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It’s common to warn against taking out one loan to pay off another, but if the new loan is better it might be your best choice.
Debt consolidation can help you save time and money by lowering your interest rate and the terms of your finance.
What is debt consolidation?
Debt consolidation is when you combine several current debts into a single new debt.
While you still need to repay the money, debt consolidation can make paying your debts simpler because you’ll have fewer bills each month.
You may also end up paying less money overall by getting a lower interest rate.
Look for savings opportunities when market interest rates have fallen or your credit score has gone up.
Types of debt consolidation loans
Lenders may call certain loans debt consolidation loans, but almost any type of loan or line of credit can consolidate debt.
In general, people debt consolidation loans fall within one of three categories:
- Unsecured personal loans: For these you usually receive the full loan amount upfront and then repay the loan with fixed monthly payments over the repayment term. With a low interest rate and fixed payment amount, personal loans are a popular option for consolidating high-interest credit card debt.
- Secured loans: Some people turn to secured loans, often home equity loans or lines of credit, to consolidate debts.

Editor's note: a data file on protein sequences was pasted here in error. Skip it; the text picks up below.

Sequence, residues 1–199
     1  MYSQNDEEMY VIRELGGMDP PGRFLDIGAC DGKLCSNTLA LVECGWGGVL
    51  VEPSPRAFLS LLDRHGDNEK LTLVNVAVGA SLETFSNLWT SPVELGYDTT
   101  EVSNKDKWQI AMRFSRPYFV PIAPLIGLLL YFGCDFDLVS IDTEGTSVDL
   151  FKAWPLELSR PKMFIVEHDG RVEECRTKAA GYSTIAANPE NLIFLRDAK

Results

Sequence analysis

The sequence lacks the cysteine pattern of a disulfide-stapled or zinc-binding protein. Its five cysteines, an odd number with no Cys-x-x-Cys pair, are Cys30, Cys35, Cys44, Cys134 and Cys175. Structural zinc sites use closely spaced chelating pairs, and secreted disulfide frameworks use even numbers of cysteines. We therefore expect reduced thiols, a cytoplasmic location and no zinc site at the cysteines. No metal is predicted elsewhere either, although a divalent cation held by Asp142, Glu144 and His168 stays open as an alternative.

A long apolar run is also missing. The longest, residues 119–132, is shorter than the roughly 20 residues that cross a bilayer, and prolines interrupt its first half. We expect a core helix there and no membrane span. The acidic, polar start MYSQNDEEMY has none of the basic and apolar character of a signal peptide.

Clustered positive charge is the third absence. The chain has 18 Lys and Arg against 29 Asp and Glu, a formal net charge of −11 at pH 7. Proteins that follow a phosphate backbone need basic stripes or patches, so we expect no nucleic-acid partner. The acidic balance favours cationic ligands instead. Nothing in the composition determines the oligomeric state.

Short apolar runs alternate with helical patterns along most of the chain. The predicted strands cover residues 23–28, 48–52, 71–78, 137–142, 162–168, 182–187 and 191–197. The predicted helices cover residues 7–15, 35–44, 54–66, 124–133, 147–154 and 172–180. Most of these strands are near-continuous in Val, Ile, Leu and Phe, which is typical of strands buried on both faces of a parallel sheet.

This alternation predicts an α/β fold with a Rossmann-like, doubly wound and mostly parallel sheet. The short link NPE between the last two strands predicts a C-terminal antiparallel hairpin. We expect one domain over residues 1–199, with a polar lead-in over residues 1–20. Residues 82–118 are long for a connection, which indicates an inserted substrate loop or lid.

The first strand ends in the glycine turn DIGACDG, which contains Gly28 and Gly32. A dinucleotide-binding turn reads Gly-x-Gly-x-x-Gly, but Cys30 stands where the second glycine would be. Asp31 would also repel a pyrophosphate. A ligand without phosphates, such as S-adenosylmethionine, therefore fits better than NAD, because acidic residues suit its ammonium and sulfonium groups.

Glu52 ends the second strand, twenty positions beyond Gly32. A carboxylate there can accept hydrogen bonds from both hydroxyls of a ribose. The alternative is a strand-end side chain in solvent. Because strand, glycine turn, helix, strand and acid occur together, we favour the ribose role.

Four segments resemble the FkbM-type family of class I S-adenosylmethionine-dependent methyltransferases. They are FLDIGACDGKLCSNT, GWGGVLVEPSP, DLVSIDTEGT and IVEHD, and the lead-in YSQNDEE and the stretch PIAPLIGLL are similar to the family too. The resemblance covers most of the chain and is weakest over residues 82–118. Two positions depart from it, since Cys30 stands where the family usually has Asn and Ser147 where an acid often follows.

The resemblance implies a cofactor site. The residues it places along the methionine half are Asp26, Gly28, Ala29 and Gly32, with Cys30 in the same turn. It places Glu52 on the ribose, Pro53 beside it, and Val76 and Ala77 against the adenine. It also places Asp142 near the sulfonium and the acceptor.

These may give you low interest rates, but the lender can take your collateral (e.g. your home) if you miss payments.
- Balance transfer credit cards: Credit cards may offer a promotional 0% interest rate on balance transfers. This means you won’t have to pay interest on a debt for the promotional period.
If you have federal student loans, there’s also a special federal Direct Consolidation Loan.
Terms To Know
When you’re shopping around compare each of these terms to get the best deal:
- Fees: The most common fees are origination fees on installment loans or balance transfer fees on credit cards.
- Repayment period: Lenders usually offer different repayment terms. A longer term can lower your monthly payment, but it means more interest paid in the long term.
- Interest rates: Interest rates are generally shown as annual percentage rate (APR) ranges. Having good credit will help you get the best rate.
- Secured and unsecured loans: Secured loans offer lower rates at the cost of staking collateral (like a home). It’s best usually not to consolidate unsecured debt with a secured loan.
The danger of getting a debt consolidation loan
Losing collateral isn’t the only risk you take from consolidating debt.
In some cases, people will consolidate credit card debt and then wind up using their credit cards and get back into debt.
Before consolidating, make a plan to pay off the new loan. Be realistic.
If you think you’ll overspend with a credit card, work with a nonprofit credit counselor to build a plan.
Getting the best debt consolidation loan
Before getting a new loan or card, shop around to find the best offers.
Start by trying to get preapproved or prequalified for an unsecured personal loan with a soft credit inquiry.
Compare your estimated loan offers to your current debts.
Create or update your budget with a plan for paying off the debt consolidation loan or balance transfer card, and build in some wiggle room in case you can’t stick to the exact plan every month.
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